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An inside look at how CNN’s Crossfire has become the ultimate social TV show

332516CNN_CrossfireJ3124_300x250_Static_009_POSTCNN’s Crossfire aired from 1982 to 2005 before being cancelled. Eight years later, the show has returned, and its relaunch premiered in September, built on a social TV backbone.

“Few programs in the history of CNN have had the kind of impact on political discourse that Crossfire did – it was a terrific program then, and we believe the time is right to bring it back and do it again,” said Jeff Zucker, President of CNN Worldwide. “We look forward to the opportunity to host passionate conversation from all sides of the political spectrum.  Crossfire will be the forum where America holds its great debates.”

The main difference between the original Crossfire and its reboot has been the impact of social media on the latter.  #Crossfire has trended domestically on Twitter 26 times on 14 different days in October, and the follower numbers for the @Crossfire account have increased fivefold since the show’s launch.

We spoke with Michelle Jaconi Executive Producer of CNN D.C.’s Cross Platform Programming. “Bringing back Crossfire was exciting and natural…we wanted to do something new and different and the way to do that is engagement with the audience,” Jaconi explained. “There’s no show that has been made for Twitter like Crossfire,” she added.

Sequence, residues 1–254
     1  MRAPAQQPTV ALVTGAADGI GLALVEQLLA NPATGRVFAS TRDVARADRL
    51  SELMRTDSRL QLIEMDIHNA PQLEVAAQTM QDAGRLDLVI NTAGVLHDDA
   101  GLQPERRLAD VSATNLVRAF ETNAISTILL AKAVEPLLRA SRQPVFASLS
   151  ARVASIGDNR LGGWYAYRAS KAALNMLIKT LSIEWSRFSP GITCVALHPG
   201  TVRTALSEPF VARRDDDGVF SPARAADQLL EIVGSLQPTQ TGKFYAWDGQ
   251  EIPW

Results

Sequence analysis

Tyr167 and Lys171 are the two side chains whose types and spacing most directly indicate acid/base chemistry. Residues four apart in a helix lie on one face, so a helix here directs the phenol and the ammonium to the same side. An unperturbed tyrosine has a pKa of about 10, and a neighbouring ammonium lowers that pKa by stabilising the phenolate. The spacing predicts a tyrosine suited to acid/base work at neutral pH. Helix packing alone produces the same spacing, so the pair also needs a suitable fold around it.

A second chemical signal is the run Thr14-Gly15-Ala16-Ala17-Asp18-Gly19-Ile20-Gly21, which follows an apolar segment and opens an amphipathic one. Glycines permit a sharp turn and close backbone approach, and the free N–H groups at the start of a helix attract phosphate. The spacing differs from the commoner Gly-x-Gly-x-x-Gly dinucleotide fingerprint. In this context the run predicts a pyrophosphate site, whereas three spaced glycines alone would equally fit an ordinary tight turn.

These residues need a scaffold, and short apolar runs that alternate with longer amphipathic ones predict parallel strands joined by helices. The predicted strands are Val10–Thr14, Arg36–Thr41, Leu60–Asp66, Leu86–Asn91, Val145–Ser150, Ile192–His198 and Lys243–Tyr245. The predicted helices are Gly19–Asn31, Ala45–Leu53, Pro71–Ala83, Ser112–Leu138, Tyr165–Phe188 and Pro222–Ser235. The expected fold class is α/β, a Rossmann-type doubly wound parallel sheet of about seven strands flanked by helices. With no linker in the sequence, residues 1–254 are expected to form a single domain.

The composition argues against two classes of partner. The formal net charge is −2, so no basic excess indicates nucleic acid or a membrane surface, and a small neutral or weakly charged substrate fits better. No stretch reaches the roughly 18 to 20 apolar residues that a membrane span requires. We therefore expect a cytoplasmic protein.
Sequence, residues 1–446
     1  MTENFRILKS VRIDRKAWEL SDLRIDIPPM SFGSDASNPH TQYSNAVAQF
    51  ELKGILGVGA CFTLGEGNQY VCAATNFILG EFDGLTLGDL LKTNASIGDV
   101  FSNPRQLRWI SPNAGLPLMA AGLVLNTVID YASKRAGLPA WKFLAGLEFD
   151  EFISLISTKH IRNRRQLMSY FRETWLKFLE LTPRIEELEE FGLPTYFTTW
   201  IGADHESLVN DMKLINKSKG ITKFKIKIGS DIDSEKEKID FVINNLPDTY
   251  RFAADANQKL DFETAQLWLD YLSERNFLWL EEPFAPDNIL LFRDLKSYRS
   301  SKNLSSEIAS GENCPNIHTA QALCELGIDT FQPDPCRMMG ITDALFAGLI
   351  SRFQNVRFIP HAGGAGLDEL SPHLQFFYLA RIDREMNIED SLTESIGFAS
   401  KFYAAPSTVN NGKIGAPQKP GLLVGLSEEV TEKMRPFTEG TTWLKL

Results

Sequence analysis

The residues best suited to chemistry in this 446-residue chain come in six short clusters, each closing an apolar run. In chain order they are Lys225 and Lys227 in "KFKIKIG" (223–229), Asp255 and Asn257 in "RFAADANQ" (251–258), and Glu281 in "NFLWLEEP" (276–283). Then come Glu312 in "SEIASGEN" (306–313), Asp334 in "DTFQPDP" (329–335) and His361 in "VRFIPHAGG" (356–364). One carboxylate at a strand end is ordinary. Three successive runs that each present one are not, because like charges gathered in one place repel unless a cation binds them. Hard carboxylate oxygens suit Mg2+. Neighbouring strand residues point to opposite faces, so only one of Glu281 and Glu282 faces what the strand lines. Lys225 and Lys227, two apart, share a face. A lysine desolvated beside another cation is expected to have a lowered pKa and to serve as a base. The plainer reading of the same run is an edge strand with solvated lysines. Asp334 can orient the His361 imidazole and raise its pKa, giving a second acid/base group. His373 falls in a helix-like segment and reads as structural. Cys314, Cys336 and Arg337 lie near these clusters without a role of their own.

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In September, we wrote about Crossfire’s use of Poptip technology to tally votes for the show’s daily question. Crossfire uses Poptip in posting a daily question on a pressing issue to both Twitter and Facebook. The Crossfire blog uses the live Poptip results to build content, and the real-time social data gained during the question and answer period is then used on air using the Poptip API during a dedicated crowd opinion segment. Since the show premiered, 26,794 unique people have participated in a Crossfire Poptip discussion.

Crossfire of course let’s itself to intense opinions about each side. Jaconi was proud to explain that “people are shocked that we’re especially responding to the haters and calling their bluffs,” on social media. “The whole point of the show is to enrich discussion,” and the show’s team has amazingly been able to to interact with all different types of opinions never shying away from the strongest ones.

As Crossfire continues to rebuild its following, the social engagement surrounding the show will be increasingly important to initiating and fueling on-air debates. More, it will help provide a baseline of viewer sentiments to temper commentator and guest talking points. We asked Jaconi and Digital Producer Eric Weisbrod who works on her team about plans for the future. Jaconi explained that they hope to experiment with the audience picking the topic for the show, which they’ve tested in their social media after show content. Weisbrod added that, “giving live updates on our Facebook page,” will continue to be important since “people can reply into the comments,” a tool that host Newt Gingrich recently tried.

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